I recently watched Metropolitan Opera's Live in HD production of La Traviata with my dad and we were both totally captivated, especially Dad, who's an opera buff and has already seen a number of live productions of La Traviata (most recently the State Opera of South Australia's production).
We set aside the run time of 195 minutes and settled into what is a production you would never witness in live opera. In addition to the actual opera, compère Renée Fleming (an acclaimed soprano), takes viewers behind the scenes, where Renée insightfully interviews various on stage talent and key creatives. Of note, there's a segment reflecting on previous noted sopranos who played Violetta, including Australia's own Dame Joan Sutherland.
This production is unique to all others as it starts off in retrospective with Violetta passing away and departing the world whilst surrounded by loved ones. In this scene, we are introduced to soprano Nadine Sierra as Violetta, tenor Stephen Costello as Alfredo and baritone Luca Salsi as Alfredo's father Giorgio.
The featured image of the camelia is significant in that La Traviata was inspired by the novel by Alexandre Dumas, titled La Dame aux Camélias (The Lady of the Camellias) which chronicles his brief love affair with French courtesan Marie Duplessis. Violetta is not unlike Marie.
In this production of La Traviata, we have the absolute pleasure of seeing soprano Nadine Sierra as Violetta - Nadine truly embodies Violetta, her voice transcends forms so seamlessly and we see what we envision to be the real Violetta. Dad confirmed Nadine is the best Violetta he's seen and heard yet. As Alfredo, tenor Stephen Costello is convincing as the love-struck and sincere bourgeois, generating a believable chemistry between Violetta and Alfredo. Baritone Luca Salsi is instantly dominating as Alfredo's father Giorgio - there are many layers to his performance.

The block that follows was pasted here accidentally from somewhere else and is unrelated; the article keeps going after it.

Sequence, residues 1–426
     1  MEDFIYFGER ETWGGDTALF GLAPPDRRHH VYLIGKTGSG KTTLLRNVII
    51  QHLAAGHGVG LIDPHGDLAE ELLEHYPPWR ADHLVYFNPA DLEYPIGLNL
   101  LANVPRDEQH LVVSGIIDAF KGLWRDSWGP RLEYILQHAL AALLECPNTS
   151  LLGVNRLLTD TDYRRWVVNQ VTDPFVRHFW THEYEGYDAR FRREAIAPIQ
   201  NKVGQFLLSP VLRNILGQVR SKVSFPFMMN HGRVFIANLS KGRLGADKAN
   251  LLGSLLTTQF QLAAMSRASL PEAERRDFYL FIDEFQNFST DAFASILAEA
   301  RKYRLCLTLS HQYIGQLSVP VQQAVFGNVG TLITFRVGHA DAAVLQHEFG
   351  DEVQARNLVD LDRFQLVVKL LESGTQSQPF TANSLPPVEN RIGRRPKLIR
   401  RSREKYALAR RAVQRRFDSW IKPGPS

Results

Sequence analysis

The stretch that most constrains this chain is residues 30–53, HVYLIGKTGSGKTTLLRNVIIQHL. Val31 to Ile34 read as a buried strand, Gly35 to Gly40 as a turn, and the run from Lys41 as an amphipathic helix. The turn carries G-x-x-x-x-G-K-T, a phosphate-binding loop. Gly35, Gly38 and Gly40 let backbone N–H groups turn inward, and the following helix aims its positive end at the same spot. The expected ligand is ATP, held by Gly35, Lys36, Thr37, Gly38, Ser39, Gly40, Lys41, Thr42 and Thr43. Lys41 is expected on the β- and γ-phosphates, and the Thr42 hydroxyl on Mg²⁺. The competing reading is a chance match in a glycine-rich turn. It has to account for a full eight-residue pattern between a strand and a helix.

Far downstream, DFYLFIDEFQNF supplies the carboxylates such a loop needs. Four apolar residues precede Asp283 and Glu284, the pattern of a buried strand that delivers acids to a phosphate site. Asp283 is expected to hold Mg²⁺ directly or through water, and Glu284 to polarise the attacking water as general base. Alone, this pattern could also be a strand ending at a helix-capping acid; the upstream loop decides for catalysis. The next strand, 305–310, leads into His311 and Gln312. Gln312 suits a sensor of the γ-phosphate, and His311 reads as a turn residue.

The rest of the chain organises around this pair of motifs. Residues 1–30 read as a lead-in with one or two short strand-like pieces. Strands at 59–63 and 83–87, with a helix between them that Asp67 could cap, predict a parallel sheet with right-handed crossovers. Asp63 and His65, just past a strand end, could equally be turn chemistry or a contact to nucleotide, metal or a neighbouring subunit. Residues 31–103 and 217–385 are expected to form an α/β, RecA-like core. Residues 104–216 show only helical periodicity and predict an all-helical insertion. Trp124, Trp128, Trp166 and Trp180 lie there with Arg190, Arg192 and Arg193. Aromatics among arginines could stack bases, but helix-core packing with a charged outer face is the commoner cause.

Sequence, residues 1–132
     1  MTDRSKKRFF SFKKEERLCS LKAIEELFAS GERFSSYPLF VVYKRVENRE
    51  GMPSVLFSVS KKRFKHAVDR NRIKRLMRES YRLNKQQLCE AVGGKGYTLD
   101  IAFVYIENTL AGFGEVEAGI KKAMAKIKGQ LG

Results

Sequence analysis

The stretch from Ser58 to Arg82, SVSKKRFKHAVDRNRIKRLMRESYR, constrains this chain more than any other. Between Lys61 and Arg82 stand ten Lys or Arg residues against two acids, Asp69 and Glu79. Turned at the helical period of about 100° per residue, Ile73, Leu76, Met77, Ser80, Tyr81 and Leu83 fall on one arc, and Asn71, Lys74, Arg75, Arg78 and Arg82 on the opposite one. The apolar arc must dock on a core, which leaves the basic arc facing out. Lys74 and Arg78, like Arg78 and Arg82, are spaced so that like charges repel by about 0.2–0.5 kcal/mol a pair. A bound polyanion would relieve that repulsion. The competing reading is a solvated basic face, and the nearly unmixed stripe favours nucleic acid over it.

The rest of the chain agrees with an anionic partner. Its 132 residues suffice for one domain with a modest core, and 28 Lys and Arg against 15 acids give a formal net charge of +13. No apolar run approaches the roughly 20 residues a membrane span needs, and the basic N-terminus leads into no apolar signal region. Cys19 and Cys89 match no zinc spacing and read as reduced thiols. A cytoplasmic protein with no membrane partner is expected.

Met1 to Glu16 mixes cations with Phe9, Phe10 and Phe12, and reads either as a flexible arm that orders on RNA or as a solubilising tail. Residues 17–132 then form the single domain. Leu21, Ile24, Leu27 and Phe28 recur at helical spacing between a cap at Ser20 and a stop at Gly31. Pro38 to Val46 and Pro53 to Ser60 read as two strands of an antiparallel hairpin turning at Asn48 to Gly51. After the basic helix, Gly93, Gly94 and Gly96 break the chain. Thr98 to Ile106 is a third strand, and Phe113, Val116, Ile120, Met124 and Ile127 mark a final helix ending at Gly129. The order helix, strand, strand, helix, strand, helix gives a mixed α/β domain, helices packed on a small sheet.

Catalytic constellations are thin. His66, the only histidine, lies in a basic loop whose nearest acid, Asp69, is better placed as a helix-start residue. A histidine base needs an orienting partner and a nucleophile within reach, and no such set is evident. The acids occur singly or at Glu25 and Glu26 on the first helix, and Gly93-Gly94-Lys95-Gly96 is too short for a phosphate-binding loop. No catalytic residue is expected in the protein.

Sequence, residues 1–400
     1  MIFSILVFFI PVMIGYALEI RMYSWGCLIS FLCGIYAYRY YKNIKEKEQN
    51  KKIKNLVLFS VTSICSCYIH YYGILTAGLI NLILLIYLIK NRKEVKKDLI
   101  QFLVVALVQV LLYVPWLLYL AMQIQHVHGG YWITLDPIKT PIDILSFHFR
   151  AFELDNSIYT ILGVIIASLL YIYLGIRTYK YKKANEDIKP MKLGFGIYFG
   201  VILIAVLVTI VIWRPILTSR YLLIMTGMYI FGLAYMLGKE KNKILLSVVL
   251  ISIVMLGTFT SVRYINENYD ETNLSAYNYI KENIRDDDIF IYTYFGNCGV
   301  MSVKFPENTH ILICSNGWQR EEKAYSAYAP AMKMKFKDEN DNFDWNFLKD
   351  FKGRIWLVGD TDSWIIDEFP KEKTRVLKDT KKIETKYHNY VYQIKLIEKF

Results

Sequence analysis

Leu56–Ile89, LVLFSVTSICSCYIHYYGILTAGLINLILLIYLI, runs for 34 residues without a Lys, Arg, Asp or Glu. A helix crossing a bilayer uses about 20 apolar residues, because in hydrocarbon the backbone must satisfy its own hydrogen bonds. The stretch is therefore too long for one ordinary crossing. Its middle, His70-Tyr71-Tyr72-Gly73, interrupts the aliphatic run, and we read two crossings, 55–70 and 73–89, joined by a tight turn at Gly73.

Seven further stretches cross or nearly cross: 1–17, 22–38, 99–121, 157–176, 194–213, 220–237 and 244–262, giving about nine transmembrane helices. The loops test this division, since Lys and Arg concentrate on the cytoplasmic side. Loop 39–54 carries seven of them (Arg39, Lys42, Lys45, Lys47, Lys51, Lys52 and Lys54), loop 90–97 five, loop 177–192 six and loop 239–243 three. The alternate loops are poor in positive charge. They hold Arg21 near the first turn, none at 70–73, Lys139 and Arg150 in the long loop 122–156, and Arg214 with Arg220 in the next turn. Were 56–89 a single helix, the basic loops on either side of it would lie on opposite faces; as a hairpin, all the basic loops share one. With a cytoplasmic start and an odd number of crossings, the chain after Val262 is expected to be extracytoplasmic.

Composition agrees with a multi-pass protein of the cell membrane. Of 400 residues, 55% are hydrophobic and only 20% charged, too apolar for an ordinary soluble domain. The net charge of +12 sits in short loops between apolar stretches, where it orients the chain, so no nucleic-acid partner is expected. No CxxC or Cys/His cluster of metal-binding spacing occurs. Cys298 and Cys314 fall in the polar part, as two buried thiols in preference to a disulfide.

There are many advantages of seeing this version of The Met's La Traviata - attending a performance at New York City's Metropolitan Opera is out of reach for many of us; this Live HD version brings viewers up close to the performance, enabling us to see the expressions and personality of each character, not to mention the intricacy of the costumes and sets. Having Renée take viewers behind the scenes is an opportunity like no other. The subtitles perfectly reflect the lyrics in a true story-telling style.
All in all, Dad and I highly recommend The Met's Live in HD production of La Traviata.